Until then, however, labour groups will remain wary of SA8000. There are so many tricks to avoid monitoring, says Alice Kwan of HKCIC. Not many of our partners joined SAI because they were sceptical about this.

Just as intractable is the issue of demand. The SA8000 standard remains little known by U.S. consumers, who bought 35% of China's exports last year. As a result, retailers and wholesalers are not willing to pay the extra costs of certification, which can add from 1%-5% to manufacturing costs.

That presents SAI with the challenge of popularizing the SA8000 standard among buyers. Only when a large proportion of consumers are willing to pay more for certified goods will the proper economic incentives be in place to solve the sweatshop problem, says Santoro.

Kaufman says SAI alone cannot make the standard a success if companies are unwilling to give it a try. Seattle-based golf- and leisure-apparel maker Cutter & Buck, for example, will put tags on clothes explaining its adherence to SA8000 this year. David Weinberg, chief financial officer of Skechers, says his company is looking at making the standard mandatory for its 15 factories in China in order to keep its record clean. But some major U.S. retailers remain hostile to SAI and its standard.

One solution is to encourage factories to seek certification independently to gain an advantage in selling to multinationals. Chris Cheung, of factory inspection specialist Det Norske Veritas in Hong Kong, which certifies most of the SA8000 factories in China, says the standard is not well known in China. If it was, we could easily sell it to our clients there, he says.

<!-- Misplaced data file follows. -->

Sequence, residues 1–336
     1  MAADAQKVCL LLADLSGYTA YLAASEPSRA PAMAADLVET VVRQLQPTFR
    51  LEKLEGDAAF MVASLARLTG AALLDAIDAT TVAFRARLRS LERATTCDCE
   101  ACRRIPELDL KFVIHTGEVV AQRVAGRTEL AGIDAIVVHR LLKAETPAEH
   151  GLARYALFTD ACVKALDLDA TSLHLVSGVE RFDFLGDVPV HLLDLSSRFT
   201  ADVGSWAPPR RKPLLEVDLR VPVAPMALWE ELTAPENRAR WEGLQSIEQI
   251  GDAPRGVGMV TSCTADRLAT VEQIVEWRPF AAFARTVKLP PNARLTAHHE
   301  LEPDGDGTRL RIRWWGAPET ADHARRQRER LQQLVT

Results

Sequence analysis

To that end, SAI held a conference in Shenzhen last month, aimed at introducing the standard to factories in the Pearl River delta. But for the time being, factories like Chung Hoo that sought SAI certification early are finding it a bigger challenge than they expected. The irony, says Sommers of C.D. Star, is that being SAI-certified has not helped us win a single new customer. Instead, it has made us a target.

In the long run, the SAI would love to be put out of business by the Chinese government's own improvement of labour conditions in the country. Anita Chan, a research fellow specializing in labour in China at the Australian National University, believes that groups like SAI should be working harder to ensure governments in China are on board. Monitoring is an imperfect substitute for governments, or government-backed schemes, she says, because the resources are limited. Governments, by contrast, have vast resources to make improvements.

Locking a few multinationals into high-profile confrontations can spotlight the issues, but the impact in terms of improving the conditions of workers can only be limited, she says. A government that enforces good labour laws can accomplish far more than the movement's campaign against individual manufacturers.